Voices from the field

Jamardhan Pillay

Jamardhan Pillay is a cane farmer just outside Fiji’s ‘Sugar City’ of Lautoka. He remembers the 1997/8 drought well and is worried a repeat could be just around the corner.

“I’m very much scared. Not only me, but all people in the Western and Northern Divisions, they are very much scared of this drought. 1998 was so bad. Most of the wells were dried up and the water was even less in the river,” Mr Pillay said.

It’s the sugar cane crushing season in Fiji and farmers in the region are already starting to see the impacts of the country’s worsening drought on their harvests.

“It’s very bad for us farmers, as well as vegetable farmers. For all of us, we are experiencing a very heavy drought this season. We supplied some fertiliser during this season but we never received any rain for the fertiliser to melt, to dissolve. I think this is a very big matter. See this cane area, it’s all been drying because of the drought,” he said looking out over his struggling crop.

“It would be down about 25-30 per cent that my proceeds will be down. That’s very tough for my family,” he said.

Mr Pillay will get by this season but he’s heard about the El Niño event that’s brewing and he’s worried about what it might mean for next year’s crop.

“We worry that after everything has been harvested, it won’t grow and automatically next year our proceeds will be 50-60 per cent less. That’s very difficult for us and sugar cane is our bread and butter, we just can’t go without it.”

Reshmi Devi Singh

A drive north from Lautoka along Fiji’s north west coast offers a stark visual reminder of the severity of the drought. Even before the El Niño event has hit full strength, the normally soft, green tropical hills are brown and brittle with drought.

The drought is hot topic of conversation for farming families around the town of Ba where Reshmi Devi Singh lives with her mother in law on the family’s large farm growing sugar cane and vegetables, alongside a couple of milking cows.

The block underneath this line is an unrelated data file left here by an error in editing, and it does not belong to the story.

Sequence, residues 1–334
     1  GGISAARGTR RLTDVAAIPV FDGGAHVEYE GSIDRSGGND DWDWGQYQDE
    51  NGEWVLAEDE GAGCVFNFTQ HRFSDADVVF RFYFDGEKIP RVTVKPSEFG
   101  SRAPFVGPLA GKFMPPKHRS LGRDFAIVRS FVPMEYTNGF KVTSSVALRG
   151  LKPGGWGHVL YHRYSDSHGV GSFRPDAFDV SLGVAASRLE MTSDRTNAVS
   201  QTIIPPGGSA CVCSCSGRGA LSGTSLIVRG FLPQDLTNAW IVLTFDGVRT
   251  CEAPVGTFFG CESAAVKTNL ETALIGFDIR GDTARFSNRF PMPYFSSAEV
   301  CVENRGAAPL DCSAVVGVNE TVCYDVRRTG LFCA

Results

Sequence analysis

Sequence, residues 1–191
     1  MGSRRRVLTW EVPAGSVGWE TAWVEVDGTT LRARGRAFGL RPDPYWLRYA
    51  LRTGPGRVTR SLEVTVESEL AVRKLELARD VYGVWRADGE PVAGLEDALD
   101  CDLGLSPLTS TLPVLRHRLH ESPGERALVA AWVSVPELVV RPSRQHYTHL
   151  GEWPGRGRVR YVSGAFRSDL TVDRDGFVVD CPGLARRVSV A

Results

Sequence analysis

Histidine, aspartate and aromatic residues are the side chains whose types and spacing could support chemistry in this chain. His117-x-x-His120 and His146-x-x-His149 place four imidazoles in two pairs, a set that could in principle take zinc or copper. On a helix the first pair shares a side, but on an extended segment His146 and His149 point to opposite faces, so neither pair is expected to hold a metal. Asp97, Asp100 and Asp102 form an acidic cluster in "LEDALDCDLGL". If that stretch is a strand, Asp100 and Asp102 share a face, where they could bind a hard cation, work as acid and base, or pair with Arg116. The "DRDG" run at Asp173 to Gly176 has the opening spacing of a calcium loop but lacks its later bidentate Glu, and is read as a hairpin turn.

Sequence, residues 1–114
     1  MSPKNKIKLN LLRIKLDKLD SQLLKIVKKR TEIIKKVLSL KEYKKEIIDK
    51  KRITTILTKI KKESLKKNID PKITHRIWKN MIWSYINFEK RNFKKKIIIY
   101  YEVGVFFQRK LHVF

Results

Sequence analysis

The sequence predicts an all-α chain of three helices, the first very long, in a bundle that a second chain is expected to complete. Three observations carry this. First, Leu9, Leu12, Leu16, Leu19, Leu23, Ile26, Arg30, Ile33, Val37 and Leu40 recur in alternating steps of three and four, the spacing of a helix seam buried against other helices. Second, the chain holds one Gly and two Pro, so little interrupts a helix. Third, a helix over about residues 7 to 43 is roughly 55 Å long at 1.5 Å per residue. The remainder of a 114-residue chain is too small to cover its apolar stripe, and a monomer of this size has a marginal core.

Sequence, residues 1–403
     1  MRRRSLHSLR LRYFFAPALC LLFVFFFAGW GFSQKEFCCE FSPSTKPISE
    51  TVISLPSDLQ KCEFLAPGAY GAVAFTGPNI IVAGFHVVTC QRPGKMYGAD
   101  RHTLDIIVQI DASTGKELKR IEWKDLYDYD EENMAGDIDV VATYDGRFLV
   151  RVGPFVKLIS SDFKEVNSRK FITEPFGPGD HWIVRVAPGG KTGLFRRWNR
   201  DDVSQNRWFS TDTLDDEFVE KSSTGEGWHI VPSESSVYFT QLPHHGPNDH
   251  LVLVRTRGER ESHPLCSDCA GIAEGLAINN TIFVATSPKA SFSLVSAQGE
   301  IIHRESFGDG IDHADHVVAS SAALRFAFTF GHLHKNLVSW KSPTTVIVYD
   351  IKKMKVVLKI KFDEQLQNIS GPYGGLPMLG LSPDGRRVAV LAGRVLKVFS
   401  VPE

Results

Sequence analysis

“We are just talking about the drought, everyone, you meet everyone, they say oh too many drought, when is the rain going to come? When you go somewhere, there is talk about the rain. It’s a bit scary, we pray to God. Everybody praying, every religion they pray for the rain to come,” Reshmi Devi Singh said.

Like most in the region, she remembers the 1997/8 drought when the local pond gradually evaporated away.

“It was a very bad drought because all the cane dried at this time. The pond, it got dry. No water was there. No rain, we need water, no vegetables. Because farmers need rain and water to survive for their plants and everything like that,” Reshmi Devi Singh said.

The pond still has water for now and Reshmi Devi Singh is using the time she has left to prepare for leaner times ahead. They’re preserving food now so that they aren’t forced to buy expensive vegetables at the market when the drought hits with full force.

Rajeshwar Nath

Farmer Rajeshwar Nath is taking a break after rising at 2am to take his sugar cane to the mill on the other side of Lautoka.

“It’s a very busy time. I just cart my cane to the mill. We don’t get any proper sleep. Long hours we wake up,” Mr Nath said.

In addition to a grueling work load, he’s got a lot on his mind with a reduced crop this season and the potential for worse ahead.

“We are experiencing a big drought. There is a drop in our crop. There is about a 20-25 per cent drop. That will affect my income and it will affect my kids’ education. I am very much worried what will happen next year,” he said.

 

Aklesh Chandra

Fellow Lautoka farmer, Aklesh Chandra is more optimistic than his neighbours about the difficult drought months ahead.

The reason: a 115 foot deep bore hole, installed by his grandfather at the height of the 1997/8 drought to make his farm more resilient.

“1997/8 I remember it was a very bad drought. It was very bad for most of the families. We had a water problem. So my grandfather dug that bore down there. It was a very big support to us, my family and other families also they were using the water,” Mr Chandra said.